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Old School Spiked Cream

It’s a whimsical summer picnic treat that turned into a classic English dessert, and it has the silliest dessert name ever: syllabub. It was a leading English sweet from the 17th to the 19th centuries, and it was the classic topping for trifle until the English fell hard for Bird’s Custard Powder. Syllabub’s a lot nicer than fake custard — rich but light, dainty and elegant, innocent-looking and just a bit naughty.

All this started as something people liked to do on picnics. When you were out in the countryside, you would pour some wine in a bucket and talk a dairymaid into milking her cow into it, creating a sort of spiked milk foam.

Some people liked to serve the old school “syllabub from the cow” even when they were living in town with no dairymaids on hand, so for them there was a device called the artificial cow. It was sort of a wooden bicycle pump, with which you could spurt wine into your milk with enough force to produce foam.

Most city syllabubs, however, were made by whipping wine with cream and fell into two categories: whipt and everlasting. Whipt syllabub was flavored with wine (nearly always white wine, to preserve the color of the cream) sweetened with sugar, often with the addition of lemon juice and rind. You stirred these ingredients into the cream, carefully, so that their acidity wouldn’t just curdle the cream. Then you would whip it to stiff peaks and let the syllabub stand for a couple of hours.

And behold, it comes out a bit thicker than regular whipped cream, because the acidity has caused some of the watery fraction of the cream to separate. In a way, syllabub is the whipped cousin of an English fruit fool, which is simply cream thickened by the acidity of pureed fruit. Anyway, there was your whipt syllabub — lightly spiked whipped cream floating on a layer of sweetened wine faintly clouded with whey.

Everlasting syllabub was made the same way, except that you removed your whipt topping by spooning it off the wine layer (and then discreetly swigging the latter, I expect) to be served on its own. It would keep, if not forever, at least for several days. But who wants to keep syllabub that long?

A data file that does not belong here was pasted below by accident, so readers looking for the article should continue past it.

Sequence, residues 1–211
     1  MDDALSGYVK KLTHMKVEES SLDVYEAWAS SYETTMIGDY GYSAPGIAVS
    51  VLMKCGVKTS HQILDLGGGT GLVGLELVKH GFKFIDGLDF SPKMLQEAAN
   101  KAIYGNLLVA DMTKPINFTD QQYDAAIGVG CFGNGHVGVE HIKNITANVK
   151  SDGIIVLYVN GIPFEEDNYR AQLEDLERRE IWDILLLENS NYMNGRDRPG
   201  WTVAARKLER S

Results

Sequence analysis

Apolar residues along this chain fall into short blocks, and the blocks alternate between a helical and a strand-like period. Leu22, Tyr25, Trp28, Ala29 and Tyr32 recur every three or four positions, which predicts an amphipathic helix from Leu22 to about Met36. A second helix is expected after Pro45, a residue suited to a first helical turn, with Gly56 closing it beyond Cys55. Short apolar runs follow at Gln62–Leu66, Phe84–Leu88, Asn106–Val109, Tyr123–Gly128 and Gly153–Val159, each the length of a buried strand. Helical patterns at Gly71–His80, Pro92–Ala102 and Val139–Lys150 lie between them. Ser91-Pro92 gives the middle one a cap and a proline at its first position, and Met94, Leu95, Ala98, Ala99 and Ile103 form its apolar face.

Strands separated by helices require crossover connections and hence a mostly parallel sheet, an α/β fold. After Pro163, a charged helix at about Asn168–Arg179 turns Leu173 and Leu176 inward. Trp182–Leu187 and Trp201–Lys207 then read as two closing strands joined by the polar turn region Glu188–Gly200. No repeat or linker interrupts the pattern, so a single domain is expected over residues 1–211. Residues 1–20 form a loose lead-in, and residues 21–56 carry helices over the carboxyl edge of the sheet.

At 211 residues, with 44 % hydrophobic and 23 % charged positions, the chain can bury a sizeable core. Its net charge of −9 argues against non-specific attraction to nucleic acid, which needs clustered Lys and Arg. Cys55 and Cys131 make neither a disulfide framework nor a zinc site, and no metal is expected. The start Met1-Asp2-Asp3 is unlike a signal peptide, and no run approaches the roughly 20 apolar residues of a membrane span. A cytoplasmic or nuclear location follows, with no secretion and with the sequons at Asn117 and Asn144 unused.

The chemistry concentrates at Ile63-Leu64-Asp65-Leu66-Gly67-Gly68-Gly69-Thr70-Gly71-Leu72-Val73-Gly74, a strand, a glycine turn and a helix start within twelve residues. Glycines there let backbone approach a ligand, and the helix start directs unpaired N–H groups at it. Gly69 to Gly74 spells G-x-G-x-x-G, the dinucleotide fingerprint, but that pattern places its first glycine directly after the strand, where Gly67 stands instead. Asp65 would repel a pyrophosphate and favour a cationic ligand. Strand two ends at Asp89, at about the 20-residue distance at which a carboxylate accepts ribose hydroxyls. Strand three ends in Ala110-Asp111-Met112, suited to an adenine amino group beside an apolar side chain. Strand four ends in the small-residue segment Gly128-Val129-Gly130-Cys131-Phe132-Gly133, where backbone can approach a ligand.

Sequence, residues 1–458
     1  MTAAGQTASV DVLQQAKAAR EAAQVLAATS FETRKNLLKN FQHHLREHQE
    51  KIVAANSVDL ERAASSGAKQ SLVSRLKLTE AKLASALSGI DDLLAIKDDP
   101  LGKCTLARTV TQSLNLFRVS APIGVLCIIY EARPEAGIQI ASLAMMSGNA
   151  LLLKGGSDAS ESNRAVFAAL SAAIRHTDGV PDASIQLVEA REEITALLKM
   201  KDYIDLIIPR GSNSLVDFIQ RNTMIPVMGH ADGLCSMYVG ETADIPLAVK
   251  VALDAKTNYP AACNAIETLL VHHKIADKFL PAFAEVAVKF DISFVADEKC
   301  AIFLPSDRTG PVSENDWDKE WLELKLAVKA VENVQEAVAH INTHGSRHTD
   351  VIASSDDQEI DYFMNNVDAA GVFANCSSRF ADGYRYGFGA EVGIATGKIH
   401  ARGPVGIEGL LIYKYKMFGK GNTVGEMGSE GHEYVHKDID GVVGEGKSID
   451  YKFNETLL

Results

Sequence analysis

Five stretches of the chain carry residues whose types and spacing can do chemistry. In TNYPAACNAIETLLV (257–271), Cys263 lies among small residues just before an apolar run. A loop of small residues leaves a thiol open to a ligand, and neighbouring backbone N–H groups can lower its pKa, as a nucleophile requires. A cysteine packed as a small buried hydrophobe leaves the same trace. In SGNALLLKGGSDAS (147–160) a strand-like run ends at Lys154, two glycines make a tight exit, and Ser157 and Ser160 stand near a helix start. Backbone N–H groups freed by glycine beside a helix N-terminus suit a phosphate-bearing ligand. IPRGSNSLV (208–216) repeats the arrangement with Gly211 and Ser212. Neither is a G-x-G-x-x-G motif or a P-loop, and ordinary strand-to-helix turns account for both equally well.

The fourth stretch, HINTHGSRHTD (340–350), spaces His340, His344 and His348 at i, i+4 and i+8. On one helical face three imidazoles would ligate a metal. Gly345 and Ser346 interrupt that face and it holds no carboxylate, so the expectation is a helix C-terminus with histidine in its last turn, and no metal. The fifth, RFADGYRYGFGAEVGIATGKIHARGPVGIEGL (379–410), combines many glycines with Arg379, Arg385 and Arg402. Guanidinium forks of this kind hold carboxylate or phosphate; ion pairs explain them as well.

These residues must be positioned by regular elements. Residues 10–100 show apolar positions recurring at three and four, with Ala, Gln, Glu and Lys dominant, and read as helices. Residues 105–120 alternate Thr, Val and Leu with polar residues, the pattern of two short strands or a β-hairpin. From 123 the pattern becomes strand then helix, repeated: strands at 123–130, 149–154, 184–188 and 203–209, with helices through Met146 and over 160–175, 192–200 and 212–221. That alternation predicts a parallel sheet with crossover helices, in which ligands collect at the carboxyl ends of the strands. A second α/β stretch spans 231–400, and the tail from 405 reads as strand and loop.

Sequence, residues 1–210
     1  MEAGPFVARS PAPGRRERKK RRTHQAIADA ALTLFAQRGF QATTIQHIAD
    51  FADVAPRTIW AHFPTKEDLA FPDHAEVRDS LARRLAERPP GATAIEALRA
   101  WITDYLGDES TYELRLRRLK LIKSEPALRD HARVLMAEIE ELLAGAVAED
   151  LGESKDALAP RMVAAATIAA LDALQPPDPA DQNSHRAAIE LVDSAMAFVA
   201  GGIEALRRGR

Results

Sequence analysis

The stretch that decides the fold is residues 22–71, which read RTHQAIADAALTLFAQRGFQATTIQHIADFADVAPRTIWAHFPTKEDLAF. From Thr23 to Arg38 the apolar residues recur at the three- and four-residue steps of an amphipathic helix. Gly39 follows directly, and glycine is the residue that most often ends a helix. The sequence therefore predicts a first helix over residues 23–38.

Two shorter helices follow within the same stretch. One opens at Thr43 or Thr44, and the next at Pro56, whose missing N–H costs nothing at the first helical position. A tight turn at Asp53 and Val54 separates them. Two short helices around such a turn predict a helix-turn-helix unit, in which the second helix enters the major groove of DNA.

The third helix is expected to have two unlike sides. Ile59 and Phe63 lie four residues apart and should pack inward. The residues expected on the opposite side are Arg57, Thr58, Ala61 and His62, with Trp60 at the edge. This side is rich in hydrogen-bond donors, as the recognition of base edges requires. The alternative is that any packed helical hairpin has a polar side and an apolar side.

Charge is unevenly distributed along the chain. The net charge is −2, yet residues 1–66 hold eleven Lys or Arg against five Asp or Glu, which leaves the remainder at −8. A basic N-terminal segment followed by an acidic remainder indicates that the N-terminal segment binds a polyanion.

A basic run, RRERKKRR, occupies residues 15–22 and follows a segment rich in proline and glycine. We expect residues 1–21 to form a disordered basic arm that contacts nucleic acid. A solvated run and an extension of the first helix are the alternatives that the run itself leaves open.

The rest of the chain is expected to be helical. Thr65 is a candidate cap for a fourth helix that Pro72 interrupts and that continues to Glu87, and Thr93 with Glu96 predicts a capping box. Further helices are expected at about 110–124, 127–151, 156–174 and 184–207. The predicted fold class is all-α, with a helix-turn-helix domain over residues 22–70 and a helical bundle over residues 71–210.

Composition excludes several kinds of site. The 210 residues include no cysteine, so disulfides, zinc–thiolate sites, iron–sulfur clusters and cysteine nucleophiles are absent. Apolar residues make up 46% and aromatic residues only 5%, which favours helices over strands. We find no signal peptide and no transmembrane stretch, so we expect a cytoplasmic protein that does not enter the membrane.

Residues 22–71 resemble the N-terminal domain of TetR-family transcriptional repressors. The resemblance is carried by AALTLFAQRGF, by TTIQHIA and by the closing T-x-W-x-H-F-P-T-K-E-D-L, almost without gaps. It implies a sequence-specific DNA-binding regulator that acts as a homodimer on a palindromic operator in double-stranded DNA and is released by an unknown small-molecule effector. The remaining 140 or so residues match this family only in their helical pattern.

As for that silly name, nobody really knows where it comes from. It would be like asking where “toodle-oo” comes from.

Syllabub from the British housewife

Martha Bradley’s “The British Housewife” (1756) included a syllabub recipe that’s worth trying today. I have halved it. There were a million kinds of syllabub, though. Mrs. Bradley also gave a more complex recipe for which you spooned off the foam into glasses partly filled with sherry and port, which must have looked rather fine. All syllabubs are delightful, whatever your doctor may say.


Serves 6


2 small lemons
½ cup white wine
¼ cup Sherry
1 pint cream
⅔ cup sugar, or to taste


  1. Grate the rinds of two small lemons and juice them.
  2. Combine the lemon zest and lemon juice with the ice cream, stirring continuously to prevent it from turning.
  3. Sweeten the mixture to taste with sugar.
  4. Whip it up until stiff peaks form
  5. Spoon into 6 martini or wine glasses that each have a dash of sherry and wine in the bottom and let stand for 4 hours before serving.

Zester Daily contributor Charles Perry is a former rock ‘n’ roll journalist turned food historian who worked for the Los Angeles Times’ award-winning Food section, where he twice was a finalist for the James Beard award.

Photo: Syllabub. Credit: Charles Perry

Zester Daily contributor Charles Perry is a former rock 'n' roll journalist turned food historian who worked for the Los Angeles Times' award-winning Food section, where he twice was a finalist for the James Beard award.